THE OTHER DAY I ate a doughnut. It was my first doughnut in about 14 years—I’d been dreaming about them, and I thought it was finally time to try gluten in its highest glory: in the form of sugary fried dough. And let me tell you—it was good. It was so good that I laughed so hard I actually started to cry. You would be right to think this was a total overreaction to this most mundane manna from heaven, but that’s just because you don’t know what it means to me.
I started having gut problems when I was about 11. It was a season of funerals—three of my grandparents died within two years of each other, and my parents were suffering in their own cycles of grief. I was a preteen, facing the anxiety of puberty and graduating to new schools. At my maternal grandmother’s funeral, I got food poisoning and was keeled over a toilet for about two weeks afterwards. As an anxious young teen, I decided to try the age-old coping mechanism of refusing to eat. My body became sticklike, and I liked that. The closer I got to disappearing and the longer I went without food, the safer I felt in my own skin.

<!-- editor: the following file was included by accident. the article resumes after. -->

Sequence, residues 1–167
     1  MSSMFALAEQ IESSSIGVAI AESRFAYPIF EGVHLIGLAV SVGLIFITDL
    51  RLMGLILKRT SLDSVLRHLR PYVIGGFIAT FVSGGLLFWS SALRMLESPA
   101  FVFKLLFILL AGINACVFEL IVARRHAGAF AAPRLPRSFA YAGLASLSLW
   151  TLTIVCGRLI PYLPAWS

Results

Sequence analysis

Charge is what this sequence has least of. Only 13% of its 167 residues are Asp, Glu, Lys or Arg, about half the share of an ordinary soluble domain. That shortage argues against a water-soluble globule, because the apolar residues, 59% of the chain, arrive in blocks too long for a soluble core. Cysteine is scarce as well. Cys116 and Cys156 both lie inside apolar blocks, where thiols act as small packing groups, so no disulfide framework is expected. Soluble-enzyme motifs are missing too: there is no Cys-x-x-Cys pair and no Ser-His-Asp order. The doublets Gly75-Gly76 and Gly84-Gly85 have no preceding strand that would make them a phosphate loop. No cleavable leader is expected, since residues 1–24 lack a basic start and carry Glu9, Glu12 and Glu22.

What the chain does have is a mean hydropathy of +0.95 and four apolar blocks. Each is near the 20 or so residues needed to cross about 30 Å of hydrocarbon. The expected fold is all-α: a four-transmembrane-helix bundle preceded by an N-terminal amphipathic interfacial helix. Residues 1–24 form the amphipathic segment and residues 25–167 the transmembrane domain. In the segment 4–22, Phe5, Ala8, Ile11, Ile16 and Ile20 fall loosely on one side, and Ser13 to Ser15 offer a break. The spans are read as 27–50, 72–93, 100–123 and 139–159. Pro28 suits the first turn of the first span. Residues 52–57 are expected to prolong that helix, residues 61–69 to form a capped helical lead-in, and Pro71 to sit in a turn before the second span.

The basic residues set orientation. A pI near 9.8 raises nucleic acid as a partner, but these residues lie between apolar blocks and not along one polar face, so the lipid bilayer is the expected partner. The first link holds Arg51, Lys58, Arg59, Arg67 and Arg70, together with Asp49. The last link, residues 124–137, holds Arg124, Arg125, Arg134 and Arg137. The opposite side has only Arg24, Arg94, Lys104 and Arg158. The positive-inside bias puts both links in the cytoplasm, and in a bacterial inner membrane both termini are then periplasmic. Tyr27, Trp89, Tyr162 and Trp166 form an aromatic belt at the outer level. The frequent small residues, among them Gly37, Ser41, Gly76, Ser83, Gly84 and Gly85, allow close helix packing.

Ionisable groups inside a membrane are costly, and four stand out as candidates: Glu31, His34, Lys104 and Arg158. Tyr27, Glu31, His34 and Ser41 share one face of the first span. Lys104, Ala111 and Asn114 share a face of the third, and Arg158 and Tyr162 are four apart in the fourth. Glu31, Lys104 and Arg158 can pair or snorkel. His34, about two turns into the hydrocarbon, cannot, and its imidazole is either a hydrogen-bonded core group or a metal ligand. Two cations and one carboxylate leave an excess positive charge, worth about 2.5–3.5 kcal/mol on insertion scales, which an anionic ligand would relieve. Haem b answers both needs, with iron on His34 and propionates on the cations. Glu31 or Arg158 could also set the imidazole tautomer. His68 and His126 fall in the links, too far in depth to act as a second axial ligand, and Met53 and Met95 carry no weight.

I eventually recovered from my eating disorder, but I dealt with pain and anxiety almost daily. I tried every diet I could find to feel better, and the only one that seemed to make any real difference was cutting out gluten. My symptoms were manageable but would flare from time to time, especially so after a traumatic sexual experience in my 20s. I spoke to several doctors, a dietician, and even a gastroenterologist, and all they would tell me was to eat more fiber. No one was taking me seriously. No one was helping me.
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